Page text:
The Waiting is the Best Part


One of the things I love about the Christmas season, is that it is a season… There is a build-up… there is a time when we have to WAIT for this great day to arrive. In the Church we call this season Advent, and it started a little over two weeks ago. And it’s really one of two holidays that we do that… We don’t have a build up for Valentine’s Day, or the 4th of July, no season of anticipation for Labor Day or Arbor Day. But Christmas we do. From the end of Thanksgiving to Christmas Day we have a month of waiting…

(The only other holiday with this sort of time of anticipation is… Easter – with Lent and Holy Week as the precursor to the celebration of Jesus’ resurrection.)

Waiting on the Lord is a theme throughout the Bible. For example, in Psalm 25, David talks about the affliction and loneliness he feels, but he is tempered by his longing for God.

Lead me in your truth and teach me, for you are the God of my salvation; for you I wait all the day long.

But in the Christian experience waiting is not a passive exercise – waiting has a purpose. It’s waiting so that we might be prepared for something greater and something better.

In Luke 6, Jesus makes a startling pronouncements to two very different groups of people.

“Blessed are you who are poor, for yours is the kingdom of God.
21 “Blessed are you who are hungry now, for you shall be satisfied.
“Blessed are you who weep now, for you shall laugh.
22 “Blessed are you when people hate you and when they exclude you and revile you and spurn your name as evil, on account of the Son of Man! 23 Rejoice in that day, and leap for joy, for behold, your reward is great in heaven; for so their fathers did to the prophets.

24 “But woe to you who are rich, for you have received your consolation.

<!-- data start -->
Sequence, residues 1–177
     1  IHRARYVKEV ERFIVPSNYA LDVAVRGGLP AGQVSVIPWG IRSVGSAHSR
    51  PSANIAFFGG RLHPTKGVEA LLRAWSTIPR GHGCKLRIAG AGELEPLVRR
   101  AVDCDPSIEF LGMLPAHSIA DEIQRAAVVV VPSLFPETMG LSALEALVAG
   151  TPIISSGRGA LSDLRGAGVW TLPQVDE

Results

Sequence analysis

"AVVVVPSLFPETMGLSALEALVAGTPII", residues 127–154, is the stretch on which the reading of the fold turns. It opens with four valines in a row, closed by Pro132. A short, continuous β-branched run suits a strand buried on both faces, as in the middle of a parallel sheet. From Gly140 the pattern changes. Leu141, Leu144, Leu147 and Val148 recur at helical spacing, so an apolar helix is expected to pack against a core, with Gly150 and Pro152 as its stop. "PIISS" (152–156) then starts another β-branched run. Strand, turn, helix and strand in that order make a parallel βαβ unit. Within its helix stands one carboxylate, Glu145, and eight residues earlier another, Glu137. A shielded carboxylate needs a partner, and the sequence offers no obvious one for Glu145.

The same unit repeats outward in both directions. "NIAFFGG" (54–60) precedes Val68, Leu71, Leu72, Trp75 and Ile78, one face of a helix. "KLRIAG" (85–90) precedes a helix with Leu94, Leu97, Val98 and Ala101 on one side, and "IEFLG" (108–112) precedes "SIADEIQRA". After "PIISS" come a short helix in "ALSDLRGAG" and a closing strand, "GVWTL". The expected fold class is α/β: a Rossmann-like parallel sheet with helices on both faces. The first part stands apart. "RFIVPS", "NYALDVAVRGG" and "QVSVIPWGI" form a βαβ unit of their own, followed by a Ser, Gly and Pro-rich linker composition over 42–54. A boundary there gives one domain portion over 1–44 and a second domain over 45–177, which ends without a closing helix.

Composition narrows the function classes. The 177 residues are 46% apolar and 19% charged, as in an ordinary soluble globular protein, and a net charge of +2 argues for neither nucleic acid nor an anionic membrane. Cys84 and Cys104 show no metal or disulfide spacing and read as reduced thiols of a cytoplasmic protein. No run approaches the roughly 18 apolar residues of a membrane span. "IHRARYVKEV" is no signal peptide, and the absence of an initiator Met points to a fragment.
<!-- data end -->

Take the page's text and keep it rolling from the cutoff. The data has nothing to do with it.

25 “Woe to you who are full now, for you shall be hungry.
“Woe to you who laugh now, for you shall mourn and weep.
26 “Woe to you, when all people speak well of you, for so their fathers did to the false prophets.

In the context of this Scripture, Jesus is making a distinction between those who have chosen to follow him, and those who have chosen to reject him. The disciples give up everything… they have made themselves poor, left families and careers… the Pharisees and religious leaders of the day – those who should have been able to recognize Jesus – were instead blinded by position, power, personal glory.

Unlike the disciples, they weren’t willing to wait.

Dietrich Bonhoeffer writes, “Advent can be celebrated only by those whose souls give them no peace, who know that they are poor and incomplete, and who sense something of the greatness that is supposed to come… God is coming; The Lord Jesus is coming; Christmas is coming. Rejoice, O Christendom!”

Too often Christmas becomes blasé or worse yet boring for people because we are too much like those to whom the “Woes” were pronounced. We are full, we are rich (some more than others), we are engrossed in entertainment… and in all of it we forget that Christ came to pronounce something greater – His Kingdom come!

Bonhoeffer reminds us that while we celebrate the yearly Advent we are also in a holding pattern, a daily Advent, waiting for the return of Christ and the completion of the Kingdom he inaugurated more than 2,000 in a quiet town in the Middle East.

How will we manage our waiting? With boredom or anticipation? With cynicism or hope? With passivity or preparation?

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